Skip to content

Internal Conflicts In Macbeth Essay

Macduff's conflicts are primarily external.  He leaves his family and goes to England in hopes of convincing Malcolm to return to Scotland and take back the Scottish throne by force. Clearly Macduff's conflict is with Macbeth.  Macduff views Macbeth as the enemy who is destroying his country.  He describes the damage Macbeth has done to Scotland:

Each new morn

New widows howl, new orphans cry, new sorrows

Strike heaven on the face . . .

...

Macduff's conflicts are primarily external.  He leaves his family and goes to England in hopes of convincing Malcolm to return to Scotland and take back the Scottish throne by force. Clearly Macduff's conflict is with Macbeth.  Macduff views Macbeth as the enemy who is destroying his country.  He describes the damage Macbeth has done to Scotland:

Each new morn

New widows howl, new orphans cry, new sorrows

Strike heaven on the face . . .

Later, Macduff learns that his wife, children and servants have all been killed by Macbeth.  Again, his conflict is external.  Macbeth vows to fight Macbeth "front to front." Since Macduff has no soliloquies, it is difficult to determine whether or not he has internal conflicts.  However, it might be assumed that he may have struggled with leaving the family he clearly loves and going to Scotland.  In other words, when he had to choose between his country and his family, he chose his country.  When he finds out that his family is dead, he blames himself:

Sinful Macduff,

They were all struck for thee! Naught that I am.

Not for heir own demerits but for mine

Fell slaughter on their souls.

Macduff feels responsible for their deaths, and struggles in this scene between his guilt over leaving them, his extreme grief, and his need to revenge.  In fact, his emotions quite overcome him as he tells Malcolm that before he can act, he must grieve:

I must also feel it as a man.

In this powerful scene, Shakespeare realistically portrays a strong, good man made weak with grief and despair.  But this grief is soon converted to action as he converts his grief to anger, and the conflict becomes external once again.

Macbeth - Conflict Essay

1468 Words6 Pages

"Conflict is central to the dramatic development of any play."

Prior to deciding whether or not conflict is central to the dramatic development of MACBETH, one must consider all the dramatic factors that contribute to the Shakespearean play. The gradual decline of the protagonist , the role portrayed by characters and the order in which the events occur, greatly influence the direction in which the development of the play takes place. After reading the text MACBETH, by Shakespeare and viewing the film version, directed by Roman Polanski, it is logical to see that ambition and the deceptive appearances of what really is, is central to the dramatic development of…show more content…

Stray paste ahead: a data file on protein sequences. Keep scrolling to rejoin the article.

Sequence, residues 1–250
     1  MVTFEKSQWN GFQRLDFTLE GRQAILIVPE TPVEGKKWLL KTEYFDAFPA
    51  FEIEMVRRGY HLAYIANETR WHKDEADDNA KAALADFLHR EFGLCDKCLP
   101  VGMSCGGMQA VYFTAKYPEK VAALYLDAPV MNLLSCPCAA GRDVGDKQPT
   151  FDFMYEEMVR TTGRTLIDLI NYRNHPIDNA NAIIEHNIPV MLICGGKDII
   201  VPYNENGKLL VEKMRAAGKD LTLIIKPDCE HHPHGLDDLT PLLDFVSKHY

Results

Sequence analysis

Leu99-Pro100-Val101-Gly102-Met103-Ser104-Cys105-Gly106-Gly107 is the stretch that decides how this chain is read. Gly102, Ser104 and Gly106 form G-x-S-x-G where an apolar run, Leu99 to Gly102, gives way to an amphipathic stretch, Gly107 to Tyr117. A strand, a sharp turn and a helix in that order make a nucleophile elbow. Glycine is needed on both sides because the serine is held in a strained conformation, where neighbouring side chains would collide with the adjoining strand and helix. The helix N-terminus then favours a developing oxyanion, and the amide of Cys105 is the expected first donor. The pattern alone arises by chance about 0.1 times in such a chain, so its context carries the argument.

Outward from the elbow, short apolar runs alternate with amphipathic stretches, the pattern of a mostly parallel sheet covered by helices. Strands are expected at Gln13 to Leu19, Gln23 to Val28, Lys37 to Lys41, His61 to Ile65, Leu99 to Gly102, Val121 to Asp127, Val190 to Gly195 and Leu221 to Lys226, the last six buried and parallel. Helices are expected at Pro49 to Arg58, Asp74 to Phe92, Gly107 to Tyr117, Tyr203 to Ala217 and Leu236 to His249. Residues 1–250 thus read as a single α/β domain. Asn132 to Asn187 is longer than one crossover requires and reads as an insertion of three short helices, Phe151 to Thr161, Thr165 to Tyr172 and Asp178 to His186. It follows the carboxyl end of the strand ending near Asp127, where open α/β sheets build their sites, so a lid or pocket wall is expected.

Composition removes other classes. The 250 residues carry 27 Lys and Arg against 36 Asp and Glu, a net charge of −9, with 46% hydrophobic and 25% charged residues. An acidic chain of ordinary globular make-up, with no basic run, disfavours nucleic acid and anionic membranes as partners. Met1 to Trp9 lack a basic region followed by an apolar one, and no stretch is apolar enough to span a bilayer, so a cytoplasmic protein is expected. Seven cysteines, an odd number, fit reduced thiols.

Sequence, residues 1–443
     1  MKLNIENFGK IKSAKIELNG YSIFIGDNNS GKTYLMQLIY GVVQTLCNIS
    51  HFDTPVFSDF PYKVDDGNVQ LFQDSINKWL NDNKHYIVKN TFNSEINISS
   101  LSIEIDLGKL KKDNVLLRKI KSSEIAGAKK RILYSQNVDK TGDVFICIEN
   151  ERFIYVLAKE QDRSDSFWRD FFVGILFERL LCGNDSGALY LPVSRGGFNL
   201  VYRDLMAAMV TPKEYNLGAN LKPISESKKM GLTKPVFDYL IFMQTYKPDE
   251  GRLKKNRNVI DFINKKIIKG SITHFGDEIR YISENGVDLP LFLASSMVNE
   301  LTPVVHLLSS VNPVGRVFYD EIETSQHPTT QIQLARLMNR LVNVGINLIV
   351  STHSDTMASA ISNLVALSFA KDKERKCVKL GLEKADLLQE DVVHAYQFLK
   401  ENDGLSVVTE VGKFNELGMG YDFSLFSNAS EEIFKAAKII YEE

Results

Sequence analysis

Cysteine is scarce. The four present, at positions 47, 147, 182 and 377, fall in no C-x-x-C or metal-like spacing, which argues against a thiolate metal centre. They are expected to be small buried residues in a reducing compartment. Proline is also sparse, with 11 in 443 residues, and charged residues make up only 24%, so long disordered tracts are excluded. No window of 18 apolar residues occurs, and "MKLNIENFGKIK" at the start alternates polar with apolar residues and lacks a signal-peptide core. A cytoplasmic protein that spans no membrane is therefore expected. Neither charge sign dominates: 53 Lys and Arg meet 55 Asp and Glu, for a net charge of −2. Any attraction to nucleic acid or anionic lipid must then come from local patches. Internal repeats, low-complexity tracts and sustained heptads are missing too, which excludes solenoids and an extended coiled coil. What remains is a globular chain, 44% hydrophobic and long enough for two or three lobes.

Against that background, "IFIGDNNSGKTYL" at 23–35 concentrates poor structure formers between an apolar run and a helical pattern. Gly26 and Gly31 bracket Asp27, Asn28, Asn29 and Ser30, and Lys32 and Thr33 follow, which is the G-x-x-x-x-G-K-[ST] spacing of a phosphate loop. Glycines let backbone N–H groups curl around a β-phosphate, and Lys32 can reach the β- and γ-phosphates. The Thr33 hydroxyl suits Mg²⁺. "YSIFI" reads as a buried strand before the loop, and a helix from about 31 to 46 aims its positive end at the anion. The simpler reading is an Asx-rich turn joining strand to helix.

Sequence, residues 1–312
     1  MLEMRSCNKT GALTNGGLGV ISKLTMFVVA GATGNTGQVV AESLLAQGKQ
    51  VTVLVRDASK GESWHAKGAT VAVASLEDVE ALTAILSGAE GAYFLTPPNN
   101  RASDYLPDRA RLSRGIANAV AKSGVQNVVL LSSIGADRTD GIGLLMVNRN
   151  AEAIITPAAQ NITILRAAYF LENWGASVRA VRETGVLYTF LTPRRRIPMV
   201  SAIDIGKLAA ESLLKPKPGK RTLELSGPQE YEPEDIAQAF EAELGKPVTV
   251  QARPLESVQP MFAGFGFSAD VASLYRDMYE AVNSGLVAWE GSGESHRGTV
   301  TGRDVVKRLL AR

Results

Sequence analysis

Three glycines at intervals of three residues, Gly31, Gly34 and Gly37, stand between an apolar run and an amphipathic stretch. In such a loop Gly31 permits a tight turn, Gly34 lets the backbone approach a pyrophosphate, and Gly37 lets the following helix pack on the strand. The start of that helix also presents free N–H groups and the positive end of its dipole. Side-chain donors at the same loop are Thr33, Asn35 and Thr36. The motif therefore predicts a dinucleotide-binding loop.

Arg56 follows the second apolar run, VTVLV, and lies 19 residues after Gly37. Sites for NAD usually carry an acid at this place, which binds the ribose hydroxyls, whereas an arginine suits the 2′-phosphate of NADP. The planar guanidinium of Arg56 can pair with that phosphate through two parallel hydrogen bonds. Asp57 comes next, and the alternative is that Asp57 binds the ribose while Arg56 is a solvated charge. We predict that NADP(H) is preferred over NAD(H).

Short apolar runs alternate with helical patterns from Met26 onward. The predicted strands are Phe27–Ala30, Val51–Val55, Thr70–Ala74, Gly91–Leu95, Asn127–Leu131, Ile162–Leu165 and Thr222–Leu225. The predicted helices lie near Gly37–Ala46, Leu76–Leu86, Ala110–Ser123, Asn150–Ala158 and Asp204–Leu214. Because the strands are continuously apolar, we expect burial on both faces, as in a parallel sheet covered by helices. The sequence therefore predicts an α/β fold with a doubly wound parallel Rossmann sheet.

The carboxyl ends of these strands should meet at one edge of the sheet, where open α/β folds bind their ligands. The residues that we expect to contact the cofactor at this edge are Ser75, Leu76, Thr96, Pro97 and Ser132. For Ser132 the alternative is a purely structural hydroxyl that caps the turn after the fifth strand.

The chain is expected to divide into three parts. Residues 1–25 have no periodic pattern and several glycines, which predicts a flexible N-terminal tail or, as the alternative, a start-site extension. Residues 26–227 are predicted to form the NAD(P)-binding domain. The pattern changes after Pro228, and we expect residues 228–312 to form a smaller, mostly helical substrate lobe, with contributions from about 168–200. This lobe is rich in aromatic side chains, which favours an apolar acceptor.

Take Lady Macbeth's first invocation to darkness in Act I, Scene V:

"Come, thick Night,
And pall thee in the dunnest smoke of Hell,
That my keen knife see not the wound it makes,
Nor Heaven peep through the blanket of the dark,
To cry, 'Hold, hold!'"

This vividly illustrates the imagery used in MACBETH and is interpreted to mean that night equals evil, as does Hell, which is not necessarily correct. This also implies that darkness is necessary for the carrying out of Duncan's murder. Meaning the blanket that covers him affords no protection in the darkness against the evil deed and the cry envisions the imaginary voice which MACBETH hears as he 'murders Sleep'. This encompasses the central action of the play, murder.

On the night MACBETH brutally kills the King of Scotland, Banquo fearful of his own 'cursed thoughts' observes that:

"There's husbandry in heaven;
Their candles are all out." (Act II, Scene I)

The darkness itself, which is ironically equated with Heaven, but seemingly appropriate for the acts of Hell, provides the natural cover for the unnatural murder. MACBETH in the same scene, refers to the fact that 'Nature seems dead', symbolically representing what Duncan is soon to be.

Another continuance of imagery is the 'clothes' sequence, relating to deceptive appearances to gain MACBETH's ambition by hiding the truth. This begins with MACBETH's 'borrowed robes' and has its central

Show More